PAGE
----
Kelly: Okay, this is Cindy Kelly. It is Friday, November 7, 2014 and I’m in Delray Beach, Florida with Jim Schoke. First question is please tell me your name and spell it.
Schoke: James A. Schoke. James, J-A-M-E-S A. S-C-H-O-K-E.
Kelly: Great. We have a wonderful interview with you about your Manhattan Project days and your role as an inventor. This session is to catch up with you about a man who was not too long ago awarded a medal by Russian President Putin for his work as a spy in the Manhattan Project. And this is something that really—
Schoke: Came as a surprise to me.
Kelly: Good. So let’s talk about that.
Schoke: George Koval—I met him, he was in Dayton, Ohio at Monsanto Operation, which was concerned with producing polonium with beryllium, making triggers for the plutonium bomb. And he was an instrument technician there, maintaining instruments that I had worked on considerably to substantially improve from the pre-war designs.
And polonium is an alpha-emitter. This isotope of polonium, I think it was polonium 210, is an emitter of alpha rays. And the equipment that I had improved were alpha-ray detectors. So they had a lot of them there.
George Koval, when my equipment was installed there, I went there quite often and I had to train him on how to maintain this equipment, which included polonium. That isotope of polonium had a fairly high vapor pressure, which means it would float around in the air and deposit on things. So when the samples that they were measuring, which were usually thin platinum disks with the sample on it. The platinum disk may be an inch and a half in diameter or an inch in diameter and the samples would be put into a chamber that had two parallel plates, each about two inches in diameter. One above the other. And the polonium, when it was on these disks, had a tendency to contaminate the chamber so that you constantly had to clean the chambers in order to be able to measure new samples.
And so one of the things I had to find sandpaper, a light sandpaper that could be used to sand the two plates, one of which the sample sat on and I had to go through get samples of sandpapers from all the companies that made sandpaper in order to find a sandpaper that would do the job without also contaminating the plates. In other words, one that did not have alpha ray emitters or had very little.
At any rate, George Koval was a very nice guy. We became friends because I was there quite often. And from time to time continuing to make improvements on the equipment. And having to show him what the improvements were and how to maintain and so forth. He was an excellent technician. He knew his job very well. And he was very friendly.
Of course, I had no idea he was a spy. In fact, not until Cindy told me that he had been a spy. The amazing thing to me is that he wasn’t detected at all and he got away with it. They went through great pains when I was transferred to the Manhattan Project to investigate my background in great depth. Many members of my family and many friends, old friends of my family were questioned by the FBI. So I don’t know how he got by with it. It’s amazing to me. At any rate, he did. And I don’t know what more to say about him.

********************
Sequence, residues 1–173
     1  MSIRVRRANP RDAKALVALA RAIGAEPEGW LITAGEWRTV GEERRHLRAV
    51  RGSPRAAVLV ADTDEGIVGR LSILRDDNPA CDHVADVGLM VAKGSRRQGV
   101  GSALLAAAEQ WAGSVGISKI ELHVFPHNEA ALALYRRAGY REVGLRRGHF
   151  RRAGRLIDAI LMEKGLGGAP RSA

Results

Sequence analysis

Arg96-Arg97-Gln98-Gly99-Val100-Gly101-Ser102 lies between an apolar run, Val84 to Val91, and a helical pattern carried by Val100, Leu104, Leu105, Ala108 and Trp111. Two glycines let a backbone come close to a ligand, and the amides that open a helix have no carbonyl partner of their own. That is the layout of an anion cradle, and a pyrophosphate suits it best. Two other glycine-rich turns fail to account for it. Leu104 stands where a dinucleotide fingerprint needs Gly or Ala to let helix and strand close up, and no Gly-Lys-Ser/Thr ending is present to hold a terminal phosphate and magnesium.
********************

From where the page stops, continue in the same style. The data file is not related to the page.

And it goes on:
Kelly: Well, that was very helpful. Let’s see. Now did you know him at Oak Ridge or did you ever meet him there?
Schoke: My memory says no.
Kelly: Right, because he was a health physicist.
Schoke: Right. And he was involved with instruments for measuring radiation levels and which I also, my group, instrument group, development group was involved with. And I did liaison for that group. So I might have been in contact with him, but I do not recall it.
Kelly: Did he have many friends?
Schoke: I don’t know the answer to that, I’m sorry. He was a very friendly type, so it wouldn’t surprise me if he did. But I don’t know. We only had business together. We may have had lunch or something like that, but other than that, we didn’t socialize.
Kelly: Can you describe him?
Schoke: Well, he was a nice looking guy. I think he was a little older than I was. I don’t remember his height. But I know he had a nice looking face. And that’s about all I can recall at this point.
Kelly: How old were you at the time?
Schoke: At this time, I was twenty or twenty-one.
Kelly: So he could have been how old?
Schoke: I’m guessing mid to late twenties.
Kelly: Did he have any accent when he spoke?
Kelly: Can you say that?
Schoke: I do not recall any accent. I think he was raised in the US, that’s my impression. That he may have told me where he came from, I don’t specifically recall now.
Kelly: Now what kind of access do you suppose he had as a health physicist? Did he have any secret clearance?
Schoke: Oh, as a health physicist, he had great access to lots of—wherever people were working, he potentially could have access. Now exactly what his access was, I don’t know. Or if I did, I don’t know now. He probably had access to the X-10 reactor and the chemical facilities for processing the uranium after it was taken out of the pile. And he would have great access, yes.